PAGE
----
Shares in German auto giant Volkswagen fell more than 13 percent on the Frankfurt stock exchange on Monday after it emerged some of its diesel cars in the United States had been fitted with software that gave false emissions data.
In the first few minutes of trading, VW shares fell by as much as 13.23 percent to 140 euros in a slightly lower market.
In a statement on Sunday, the carmaker had said that the US Environmental Protection Agency and the California Air Resources Board (EPA and CARB) had found that while testing diesel cars of the Volkswagen Group they had "detected manipulations that violate American environmental standards."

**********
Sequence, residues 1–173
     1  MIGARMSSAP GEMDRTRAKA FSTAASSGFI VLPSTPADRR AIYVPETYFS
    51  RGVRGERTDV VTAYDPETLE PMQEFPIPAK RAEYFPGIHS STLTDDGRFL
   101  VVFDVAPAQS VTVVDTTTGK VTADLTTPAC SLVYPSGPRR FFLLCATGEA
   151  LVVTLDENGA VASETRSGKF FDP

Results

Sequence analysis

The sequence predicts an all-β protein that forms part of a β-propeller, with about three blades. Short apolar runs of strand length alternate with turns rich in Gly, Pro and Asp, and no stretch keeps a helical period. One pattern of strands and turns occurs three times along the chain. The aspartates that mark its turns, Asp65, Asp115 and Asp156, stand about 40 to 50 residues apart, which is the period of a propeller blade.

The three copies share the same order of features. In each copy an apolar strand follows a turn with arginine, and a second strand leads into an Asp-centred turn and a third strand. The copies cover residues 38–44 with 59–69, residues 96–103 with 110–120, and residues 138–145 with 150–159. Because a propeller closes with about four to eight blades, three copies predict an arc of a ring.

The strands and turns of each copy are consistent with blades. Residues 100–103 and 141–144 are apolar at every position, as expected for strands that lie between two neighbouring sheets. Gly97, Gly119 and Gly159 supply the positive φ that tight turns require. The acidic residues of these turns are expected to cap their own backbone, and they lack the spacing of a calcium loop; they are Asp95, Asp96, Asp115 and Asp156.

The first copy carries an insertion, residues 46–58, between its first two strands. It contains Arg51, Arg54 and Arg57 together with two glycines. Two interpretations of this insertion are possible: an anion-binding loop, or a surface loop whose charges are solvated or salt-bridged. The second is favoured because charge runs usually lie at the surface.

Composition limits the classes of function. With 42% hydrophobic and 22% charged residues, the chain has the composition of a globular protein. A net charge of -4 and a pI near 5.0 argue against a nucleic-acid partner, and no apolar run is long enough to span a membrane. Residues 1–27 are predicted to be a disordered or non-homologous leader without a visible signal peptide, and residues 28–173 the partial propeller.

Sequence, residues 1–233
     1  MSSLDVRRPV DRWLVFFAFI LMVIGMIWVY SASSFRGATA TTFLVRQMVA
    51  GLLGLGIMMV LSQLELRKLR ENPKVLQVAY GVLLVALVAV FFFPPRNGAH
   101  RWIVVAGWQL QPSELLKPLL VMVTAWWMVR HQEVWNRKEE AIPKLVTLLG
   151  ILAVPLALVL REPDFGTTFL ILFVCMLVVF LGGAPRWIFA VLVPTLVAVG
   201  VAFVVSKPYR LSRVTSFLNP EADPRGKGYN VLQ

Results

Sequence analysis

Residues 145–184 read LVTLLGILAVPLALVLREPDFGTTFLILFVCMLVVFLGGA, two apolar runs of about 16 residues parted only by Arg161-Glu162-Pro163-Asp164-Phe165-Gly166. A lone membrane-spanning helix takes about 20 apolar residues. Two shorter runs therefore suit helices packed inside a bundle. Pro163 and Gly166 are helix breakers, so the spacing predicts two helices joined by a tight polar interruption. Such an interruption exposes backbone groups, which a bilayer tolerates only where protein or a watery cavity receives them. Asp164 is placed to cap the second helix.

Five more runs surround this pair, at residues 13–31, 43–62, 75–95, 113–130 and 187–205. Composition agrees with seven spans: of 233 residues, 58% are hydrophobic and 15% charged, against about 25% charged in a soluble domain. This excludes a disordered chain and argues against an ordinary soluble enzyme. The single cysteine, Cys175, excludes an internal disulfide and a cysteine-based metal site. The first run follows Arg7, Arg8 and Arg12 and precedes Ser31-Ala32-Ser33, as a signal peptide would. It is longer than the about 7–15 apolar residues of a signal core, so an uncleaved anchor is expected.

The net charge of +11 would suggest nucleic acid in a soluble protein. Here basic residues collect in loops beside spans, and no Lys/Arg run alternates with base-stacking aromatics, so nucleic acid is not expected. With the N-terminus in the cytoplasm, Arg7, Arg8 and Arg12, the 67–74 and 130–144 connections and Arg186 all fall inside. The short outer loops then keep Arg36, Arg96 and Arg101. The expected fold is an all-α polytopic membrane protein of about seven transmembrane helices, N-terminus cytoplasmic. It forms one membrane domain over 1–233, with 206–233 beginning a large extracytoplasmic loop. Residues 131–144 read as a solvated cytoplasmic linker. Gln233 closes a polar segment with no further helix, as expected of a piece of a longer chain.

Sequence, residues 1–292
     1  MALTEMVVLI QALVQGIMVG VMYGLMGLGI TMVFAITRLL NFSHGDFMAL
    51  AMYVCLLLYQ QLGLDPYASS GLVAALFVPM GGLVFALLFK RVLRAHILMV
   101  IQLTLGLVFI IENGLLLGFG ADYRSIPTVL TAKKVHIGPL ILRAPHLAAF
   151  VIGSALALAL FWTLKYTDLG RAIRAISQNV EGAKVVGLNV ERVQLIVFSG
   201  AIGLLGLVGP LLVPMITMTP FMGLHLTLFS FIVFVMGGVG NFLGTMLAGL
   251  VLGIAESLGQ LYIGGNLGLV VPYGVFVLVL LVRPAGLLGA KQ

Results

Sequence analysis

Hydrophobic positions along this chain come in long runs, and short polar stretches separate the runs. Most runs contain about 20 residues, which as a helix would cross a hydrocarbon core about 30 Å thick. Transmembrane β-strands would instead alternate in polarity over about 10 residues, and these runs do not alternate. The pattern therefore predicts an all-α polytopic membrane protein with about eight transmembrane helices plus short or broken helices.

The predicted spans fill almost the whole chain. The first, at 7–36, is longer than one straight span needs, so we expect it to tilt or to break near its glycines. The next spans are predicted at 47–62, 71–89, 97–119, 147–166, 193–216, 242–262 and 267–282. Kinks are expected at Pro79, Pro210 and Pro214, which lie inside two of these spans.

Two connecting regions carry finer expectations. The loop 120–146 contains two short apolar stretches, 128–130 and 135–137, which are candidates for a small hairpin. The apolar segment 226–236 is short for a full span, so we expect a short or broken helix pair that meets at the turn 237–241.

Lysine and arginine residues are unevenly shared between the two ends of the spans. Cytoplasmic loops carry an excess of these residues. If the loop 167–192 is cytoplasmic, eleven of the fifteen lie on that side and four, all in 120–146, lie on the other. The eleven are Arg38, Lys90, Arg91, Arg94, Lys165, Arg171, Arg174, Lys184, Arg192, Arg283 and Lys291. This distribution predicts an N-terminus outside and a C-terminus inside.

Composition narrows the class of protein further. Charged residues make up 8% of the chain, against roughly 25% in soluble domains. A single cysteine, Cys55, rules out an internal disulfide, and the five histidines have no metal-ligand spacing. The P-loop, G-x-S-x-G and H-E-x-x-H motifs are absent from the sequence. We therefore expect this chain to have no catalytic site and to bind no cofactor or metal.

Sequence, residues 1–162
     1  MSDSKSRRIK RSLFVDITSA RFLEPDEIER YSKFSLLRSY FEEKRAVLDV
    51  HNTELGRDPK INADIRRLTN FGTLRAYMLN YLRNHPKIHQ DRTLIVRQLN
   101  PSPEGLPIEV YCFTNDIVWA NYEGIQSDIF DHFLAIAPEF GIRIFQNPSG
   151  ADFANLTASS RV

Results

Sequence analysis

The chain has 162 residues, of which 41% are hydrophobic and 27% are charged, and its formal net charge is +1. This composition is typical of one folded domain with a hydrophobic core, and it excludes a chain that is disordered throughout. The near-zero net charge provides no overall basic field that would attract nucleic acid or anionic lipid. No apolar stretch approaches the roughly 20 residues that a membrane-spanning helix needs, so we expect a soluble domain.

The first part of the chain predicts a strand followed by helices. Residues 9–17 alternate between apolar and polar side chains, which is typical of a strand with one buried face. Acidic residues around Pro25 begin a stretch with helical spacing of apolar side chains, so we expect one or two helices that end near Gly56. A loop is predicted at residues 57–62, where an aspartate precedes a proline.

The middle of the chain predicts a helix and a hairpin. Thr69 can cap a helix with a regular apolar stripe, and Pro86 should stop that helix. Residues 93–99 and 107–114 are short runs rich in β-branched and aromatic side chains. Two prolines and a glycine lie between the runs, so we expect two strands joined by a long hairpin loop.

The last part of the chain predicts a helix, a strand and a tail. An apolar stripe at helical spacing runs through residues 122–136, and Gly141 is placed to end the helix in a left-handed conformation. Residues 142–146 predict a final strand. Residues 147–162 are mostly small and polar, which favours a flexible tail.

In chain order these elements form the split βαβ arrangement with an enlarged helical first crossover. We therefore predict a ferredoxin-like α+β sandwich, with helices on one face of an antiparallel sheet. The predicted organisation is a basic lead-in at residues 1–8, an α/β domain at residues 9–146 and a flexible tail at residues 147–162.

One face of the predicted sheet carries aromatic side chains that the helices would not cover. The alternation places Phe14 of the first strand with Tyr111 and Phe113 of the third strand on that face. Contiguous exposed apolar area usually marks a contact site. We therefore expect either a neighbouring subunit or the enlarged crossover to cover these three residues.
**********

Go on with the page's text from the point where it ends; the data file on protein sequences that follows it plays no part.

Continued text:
VW chief executive Martin Winterkorn issued an apology and said the group had ordered an external investigation into the matter.
"The board of management takes these findings very seriously. I personally am deeply sorry that we have broken the trust of our customers and the public. We will cooperate fully with the responsible agencies, with transparency and urgency, to clearly, openly and completely establish all of the facts of this case," Winterkorn said.
"We at Volkswagen will do everything that must be done in order to re-establish the trust that so many people have placed in us, and we will do everything necessary in order to reverse the damage this has caused. This matter has first priority for me, personally, and for our entire board of management," Winterkorn said.